Wow. What a year! It has been the longest year and the shortest one at the same time. It has definitely been a year none of us will ever forget. It has changed us.
When the World Shut Down
I remember clearly one year ago today — March 13, 2020. It was the day the world shut down, literally.
My husband and I were at the beach, just as we are today. I was looking forward to a trip to New York City with my daughter and my friend. He was looking forward to “March Madness”, the collegiate basketball tournament.
We were down by the pool watching television when we heard the news. Professional basketball was canceled for the rest of the season. Then, the college basketball tournament was canceled. Like a line of dominos, other events were added to the list — baseball’s spring training, The Masters, large concerts.
When we saw that Broadway was going dark, we knew we had to cancel the trip we had so looked forward to. It was a beautiful sunny day as I sat on the balcony with my laptop, canceling flights, our hotel and shows. It was hard to fathom the magnitude of what was occurring.
I remember hearing undercurrents about a new virus when we were on a cruise in January of 2020. My friend first brought up the question of our trip to NYC in late February. At that point, we thought the virus was isolated and contained and would not affect our plans. I remember my husband reasoning that it would probably all blow over in a couple of weeks. I don’t think any of us knew what the year ahead would look like.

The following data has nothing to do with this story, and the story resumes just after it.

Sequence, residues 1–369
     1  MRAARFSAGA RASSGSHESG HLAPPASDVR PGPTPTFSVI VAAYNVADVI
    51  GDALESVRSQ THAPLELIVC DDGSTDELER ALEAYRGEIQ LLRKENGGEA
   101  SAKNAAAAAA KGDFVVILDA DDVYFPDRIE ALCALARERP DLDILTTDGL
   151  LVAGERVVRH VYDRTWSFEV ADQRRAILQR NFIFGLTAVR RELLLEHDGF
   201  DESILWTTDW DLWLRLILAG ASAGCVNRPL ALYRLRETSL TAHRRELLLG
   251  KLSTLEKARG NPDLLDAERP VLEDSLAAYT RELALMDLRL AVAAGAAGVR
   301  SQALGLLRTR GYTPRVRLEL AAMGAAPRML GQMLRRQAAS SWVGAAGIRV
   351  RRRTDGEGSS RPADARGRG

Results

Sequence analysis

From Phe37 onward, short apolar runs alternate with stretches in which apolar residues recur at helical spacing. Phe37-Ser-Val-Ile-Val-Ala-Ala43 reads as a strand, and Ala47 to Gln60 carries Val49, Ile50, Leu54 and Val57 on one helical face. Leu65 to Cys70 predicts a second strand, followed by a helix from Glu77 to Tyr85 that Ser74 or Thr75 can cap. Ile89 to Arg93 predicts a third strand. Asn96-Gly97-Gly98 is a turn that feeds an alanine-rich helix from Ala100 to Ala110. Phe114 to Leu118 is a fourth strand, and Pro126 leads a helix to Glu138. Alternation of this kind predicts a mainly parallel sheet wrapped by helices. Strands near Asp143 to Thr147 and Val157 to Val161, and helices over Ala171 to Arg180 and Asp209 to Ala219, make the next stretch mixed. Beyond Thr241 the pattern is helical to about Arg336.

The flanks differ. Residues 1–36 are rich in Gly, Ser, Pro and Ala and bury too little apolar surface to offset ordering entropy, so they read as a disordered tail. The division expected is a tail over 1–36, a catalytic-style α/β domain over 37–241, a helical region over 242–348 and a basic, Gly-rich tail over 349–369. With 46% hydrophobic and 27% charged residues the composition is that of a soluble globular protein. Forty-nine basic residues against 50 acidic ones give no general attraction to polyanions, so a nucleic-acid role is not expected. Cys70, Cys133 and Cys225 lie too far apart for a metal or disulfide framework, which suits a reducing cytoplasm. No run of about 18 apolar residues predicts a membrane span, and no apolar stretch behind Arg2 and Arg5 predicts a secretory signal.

During this past year, I have pondered what lessons I was supposed to learn from this pandemic. Here are some of the things that came to mind.
- Don’t give in to fear. While a healthy respect for precautions is prudent, giving into fear doesn’t do me any good. I had to meditate on how often the Bible reminds us to “fear not.”
- I am not in control. I can’t tell you how much I hated canceling my trip to NYC. It wasn’t just a trip — it was time with my daughter. Circumstances out of my control made it necessary to cancel. Actually, there came a time when it would have been impossible to travel due to travel restrictions. I acknowledge the fact that the trip may never be rescheduled.
- Trust God. When things seemed crazy and completely out of control, the one thing that would calm my soul was to reset my focus on God. I had to do this often.
- It’s ok to cry. There were days when I just wept. I was sad, afraid, angry, overwhelmed and simply needed a good cry. At first, I thought something was wrong with me. Then, I talked to so many women who experienced the same thing. That was affirming.
- Sometimes it’s ok to do nothing. April was a difficult month for me. I think it was a combination of recovering from surgery as well as being in the midst of a pandemic. I felt so foggy and had trouble focusing. I didn’t have motivation to write. I struggled to put my thoughts into words. I think many of us initially thought we were going to be able to get so much done while we were on lockdown. That didn’t necessarily happen.